Relationship between Staff Responsiveness and Self-Perception of Juvenile Delinquents in Public Rehabilitation Schools in Nairobi County, Kenya
Nduati, Regina Andeso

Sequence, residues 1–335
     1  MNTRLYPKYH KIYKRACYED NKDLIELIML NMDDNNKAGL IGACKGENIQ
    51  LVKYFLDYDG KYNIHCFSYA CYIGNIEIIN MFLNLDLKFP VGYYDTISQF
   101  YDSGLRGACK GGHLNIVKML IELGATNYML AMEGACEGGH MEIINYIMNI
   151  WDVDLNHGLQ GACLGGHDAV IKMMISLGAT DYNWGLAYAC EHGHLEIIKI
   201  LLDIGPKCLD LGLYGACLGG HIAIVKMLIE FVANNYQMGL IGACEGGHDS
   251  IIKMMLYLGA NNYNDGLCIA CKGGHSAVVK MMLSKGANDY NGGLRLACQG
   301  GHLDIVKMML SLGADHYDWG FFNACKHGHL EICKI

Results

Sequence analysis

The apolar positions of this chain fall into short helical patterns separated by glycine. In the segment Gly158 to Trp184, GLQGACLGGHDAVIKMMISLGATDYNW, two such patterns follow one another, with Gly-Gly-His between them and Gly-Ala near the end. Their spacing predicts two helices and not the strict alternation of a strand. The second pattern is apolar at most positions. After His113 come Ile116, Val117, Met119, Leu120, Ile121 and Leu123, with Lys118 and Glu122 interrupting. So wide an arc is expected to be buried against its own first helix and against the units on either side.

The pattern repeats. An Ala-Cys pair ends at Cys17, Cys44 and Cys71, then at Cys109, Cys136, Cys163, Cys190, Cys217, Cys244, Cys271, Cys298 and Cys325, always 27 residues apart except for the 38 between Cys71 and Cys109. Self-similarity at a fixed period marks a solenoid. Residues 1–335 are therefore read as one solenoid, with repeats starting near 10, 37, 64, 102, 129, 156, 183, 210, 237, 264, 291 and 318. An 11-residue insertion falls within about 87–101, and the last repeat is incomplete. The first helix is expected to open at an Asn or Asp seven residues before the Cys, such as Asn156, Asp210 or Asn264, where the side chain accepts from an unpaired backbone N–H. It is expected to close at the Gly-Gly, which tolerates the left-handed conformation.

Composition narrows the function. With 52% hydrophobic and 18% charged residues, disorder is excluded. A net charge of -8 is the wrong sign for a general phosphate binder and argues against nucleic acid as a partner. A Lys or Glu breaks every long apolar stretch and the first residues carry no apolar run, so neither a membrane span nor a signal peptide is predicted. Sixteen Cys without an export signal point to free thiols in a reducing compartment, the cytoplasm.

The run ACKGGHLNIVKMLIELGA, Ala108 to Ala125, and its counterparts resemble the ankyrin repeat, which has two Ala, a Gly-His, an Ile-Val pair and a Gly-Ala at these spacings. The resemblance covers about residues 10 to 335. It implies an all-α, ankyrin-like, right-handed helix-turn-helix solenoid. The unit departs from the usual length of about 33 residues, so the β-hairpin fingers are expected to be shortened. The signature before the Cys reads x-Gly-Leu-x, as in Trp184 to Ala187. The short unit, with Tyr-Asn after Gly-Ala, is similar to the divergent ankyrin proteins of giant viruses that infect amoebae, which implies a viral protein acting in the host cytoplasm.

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One of the measures the Kenya government has taken to rehabilitate and reintegrate child offenders who end up in the juvenile justice system back into the society is to establish rehabilitation schools. These include two reception, rehabilitation and discharge centres; one for boys and another one for girls, and seven rehabilitation schools countrywide. For rehabilitation to take place, the government has staffed these schools with various personnel to facilitate the implementation of the rehabilitation programs. These members of staff interact with the juvenile delinquents whom they rehabilitate. Studies have shown that a person’s self-perception can be changed either positively or negatively through interaction with others. A positive self-perception leads to change in behavior and avoidance of criminal behavior among juveniles. The current study sought to establish if there is relationship between staff responsiveness and juvenile delinquents’ self-perception using Labeling Theory. The target population was the juvenile delinquents in public rehabilitation schools in Nairobi County, Kenya. Correlational research design was used for this study. Stratified random sampling was used to select 217 participants while data was collected using a structured questionnaire and an interview schedule. Descriptive statistics and inferential statistics were used to analyze the data. Pearson Correlation Coefficient was used to establish the relationship between staff responsiveness and self-perception of juvenile delinquents while partial correlations were used to determine the relationship while controlling for demographic variables. The study found that a majority (66%) of the juvenile delinquents had a negative self-perception. A majority (67.3%) of the respondents also reported mild responsiveness from the staff. On the relationship between staff responsiveness and self-perception a correlation was found (r =0.274, p-value<0.01) indicating a significant moderate positive relationship between staff responsiveness and juvenile delinquents self-perception. The relationship was still present even after controlling for demographic variables. The study also identified strategies to improve self-perception of the juveniles such as counseling, provision of basic needs and government involvement after discharge of the juvenile delinquents. Based on the findings, it was concluded that promoting positive staff responsiveness may contribute to positive self-perception of juvenile delinquents. The findings may provide empirical evidence useful in devising ways of enhancing the rehabilitation process of juvenile delinquents. The study recommends the need for staff members to acquire skills and competencies that will enable them to be more responsive and enhance the self-perception of juvenile delinquents.